The present perfect is formed from the present tense of the verb have and the past participle of a verb:
The present perfect continuous is formed with have/has been and the -ing form of the verb:
We use the present perfect tense:
- for something that started in the past and continues in the present:
They’ve been married for nearly fifty years.
She has lived in Liverpool all her life.
Note: We normally use the present perfect continuous for this:
She has been living in Liverpool all her life.
It’s been raining for hours.
- for something we have done several times in the past and continue to do:
I’ve played the guitar ever since I was a teenager.
He has written three books and he is working on another one.
I’ve been watching that programme every week.
We often use a clause with since to show when something started in the past:
They’ve been staying with us since last week.
I have worked here since I left school.
I’ve been watching that programme every week since it started.
- when we are talking about our experience up to the present:
Note: We often use the adverb ever to talk about experience up to the present:
My last birthday was the worst day I have ever had.
Note: and we use never for the negative form:
Have you ever met George?
Yes, but I’ve never met his wife.
- for something that happened in the past but is important at the time of speaking:
I can’t get in the house. I’ve lost my keys.
Teresa isn’t at home. I think she has gone shopping.
I’m tired out. I’ve been working all day.
We use the present perfect of be when someone has gone to a place and returned:
A: Where have you been?
B: I’ve just been out to the supermarket.
A: Have you ever been to San Francisco?
B: No, but I’ve been to Los Angeles.
But when someone has not returned we use have/has gone:
A: Where is Maria? I haven’t seen her for weeks.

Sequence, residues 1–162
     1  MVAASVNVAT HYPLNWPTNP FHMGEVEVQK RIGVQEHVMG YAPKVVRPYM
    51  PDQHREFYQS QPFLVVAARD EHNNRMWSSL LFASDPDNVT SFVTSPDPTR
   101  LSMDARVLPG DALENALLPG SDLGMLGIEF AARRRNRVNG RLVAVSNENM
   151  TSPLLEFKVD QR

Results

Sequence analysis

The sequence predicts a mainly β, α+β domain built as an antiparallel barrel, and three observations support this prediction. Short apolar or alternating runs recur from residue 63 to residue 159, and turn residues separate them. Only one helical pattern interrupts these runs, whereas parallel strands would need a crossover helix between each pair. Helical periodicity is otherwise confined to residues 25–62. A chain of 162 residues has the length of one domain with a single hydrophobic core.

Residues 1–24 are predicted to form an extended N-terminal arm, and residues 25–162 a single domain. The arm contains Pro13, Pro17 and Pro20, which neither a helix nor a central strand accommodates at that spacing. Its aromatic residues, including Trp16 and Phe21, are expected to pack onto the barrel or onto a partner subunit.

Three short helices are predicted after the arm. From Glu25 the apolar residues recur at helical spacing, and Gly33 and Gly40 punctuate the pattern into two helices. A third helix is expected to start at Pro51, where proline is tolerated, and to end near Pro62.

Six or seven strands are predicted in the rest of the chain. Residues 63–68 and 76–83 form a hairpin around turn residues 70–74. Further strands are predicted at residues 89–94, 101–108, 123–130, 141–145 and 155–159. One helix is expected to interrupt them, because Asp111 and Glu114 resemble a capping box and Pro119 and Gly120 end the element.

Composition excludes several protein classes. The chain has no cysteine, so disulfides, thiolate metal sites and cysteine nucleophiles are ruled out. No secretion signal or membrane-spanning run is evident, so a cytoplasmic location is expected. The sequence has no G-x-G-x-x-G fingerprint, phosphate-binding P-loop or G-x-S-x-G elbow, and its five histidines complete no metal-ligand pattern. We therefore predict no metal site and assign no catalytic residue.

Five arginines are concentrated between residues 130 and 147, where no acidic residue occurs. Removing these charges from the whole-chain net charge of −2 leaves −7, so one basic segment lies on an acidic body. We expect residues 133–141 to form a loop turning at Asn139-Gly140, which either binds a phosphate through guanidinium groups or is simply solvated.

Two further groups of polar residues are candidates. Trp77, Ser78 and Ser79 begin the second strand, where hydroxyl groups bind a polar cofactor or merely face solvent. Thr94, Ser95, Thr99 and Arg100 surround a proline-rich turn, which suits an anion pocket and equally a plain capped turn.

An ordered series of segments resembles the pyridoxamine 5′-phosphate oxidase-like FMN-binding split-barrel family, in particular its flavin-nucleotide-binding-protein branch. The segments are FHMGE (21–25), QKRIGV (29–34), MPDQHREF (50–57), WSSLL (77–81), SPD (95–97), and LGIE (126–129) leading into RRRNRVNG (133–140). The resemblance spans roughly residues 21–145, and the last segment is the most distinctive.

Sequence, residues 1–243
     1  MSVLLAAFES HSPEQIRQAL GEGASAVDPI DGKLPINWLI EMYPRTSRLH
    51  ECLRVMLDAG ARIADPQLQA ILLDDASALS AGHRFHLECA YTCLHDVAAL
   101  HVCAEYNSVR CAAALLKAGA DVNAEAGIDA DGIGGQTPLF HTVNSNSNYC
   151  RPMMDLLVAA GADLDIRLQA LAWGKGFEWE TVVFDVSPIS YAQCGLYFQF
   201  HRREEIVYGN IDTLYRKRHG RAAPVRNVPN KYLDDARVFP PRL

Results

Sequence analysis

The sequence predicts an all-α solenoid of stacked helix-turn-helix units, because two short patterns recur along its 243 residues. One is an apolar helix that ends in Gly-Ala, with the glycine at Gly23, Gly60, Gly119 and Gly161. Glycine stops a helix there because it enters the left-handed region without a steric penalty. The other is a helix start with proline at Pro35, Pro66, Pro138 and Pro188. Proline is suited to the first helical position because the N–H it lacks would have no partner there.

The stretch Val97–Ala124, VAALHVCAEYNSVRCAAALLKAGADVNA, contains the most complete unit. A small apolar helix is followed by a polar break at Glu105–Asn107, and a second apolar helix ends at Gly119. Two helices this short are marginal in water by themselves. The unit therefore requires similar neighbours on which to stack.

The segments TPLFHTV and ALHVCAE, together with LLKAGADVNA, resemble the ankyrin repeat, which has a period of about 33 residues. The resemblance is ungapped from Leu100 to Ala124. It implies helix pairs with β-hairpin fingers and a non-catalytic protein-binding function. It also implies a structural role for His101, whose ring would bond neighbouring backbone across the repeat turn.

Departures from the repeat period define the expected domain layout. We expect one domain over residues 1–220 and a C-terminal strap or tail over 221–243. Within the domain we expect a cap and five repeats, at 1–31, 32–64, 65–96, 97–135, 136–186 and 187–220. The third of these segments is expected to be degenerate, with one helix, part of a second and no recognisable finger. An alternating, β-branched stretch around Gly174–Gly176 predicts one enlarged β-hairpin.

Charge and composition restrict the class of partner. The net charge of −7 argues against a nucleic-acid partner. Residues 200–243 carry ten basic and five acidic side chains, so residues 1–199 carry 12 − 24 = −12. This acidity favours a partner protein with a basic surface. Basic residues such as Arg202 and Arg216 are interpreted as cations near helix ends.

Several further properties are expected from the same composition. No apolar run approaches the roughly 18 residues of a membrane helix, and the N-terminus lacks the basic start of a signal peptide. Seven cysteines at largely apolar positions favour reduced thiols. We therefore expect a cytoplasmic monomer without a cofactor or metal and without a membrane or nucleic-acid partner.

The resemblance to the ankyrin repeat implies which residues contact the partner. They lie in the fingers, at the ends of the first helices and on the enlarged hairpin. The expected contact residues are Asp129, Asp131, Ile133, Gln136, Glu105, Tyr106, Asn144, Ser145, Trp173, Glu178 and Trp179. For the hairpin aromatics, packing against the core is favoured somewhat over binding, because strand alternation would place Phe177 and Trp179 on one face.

B: She's gone to Paris for a week. She’ll be back tomorrow.
We often use the present perfect with time adverbials which refer to the recent past:
just; only just; recently;
Scientists have recently discovered a new breed of monkey.
We have just got back from our holidays.
or adverbials which include the present:
ever (in questions); so far; until now; up to now; yet (in questions and negatives)
Have you ever seen a ghost?
Where have you been up to now?
Have you finished your homework yet?
No, so far I’ve only done my history.
We do not use the present perfect with an adverbial which refers to past time which is finished:
I have seen that film
We have just bought a new car
When we were children we have been to California.
But we can use it to refer to a time which is not yet finished:
Have you seen Helen today?
We have bought a new car this week.
- Determiners and quantifiers
- irregular verbs
- question forms
- verb phrases
- present tense
- past tense
- perfective aspect
- continuous aspect
- active and passive voice
- to + infinitive
- -ing forms
- talking about the present
- talking about the past
- talking about the future
- verbs in time clauses and if clauses
- wishes and hypotheses
- the verb be
- link verbs
- delexical verbs like have, take, make and give
- Modal verbs
- double object verbs
- phrasal verbs
- reflexive and ergative verbs
- verbs followed by to + infinitive
- verbs followed by -ing clauses
- verbs followed by that clause
- Clause, phrase and sentence
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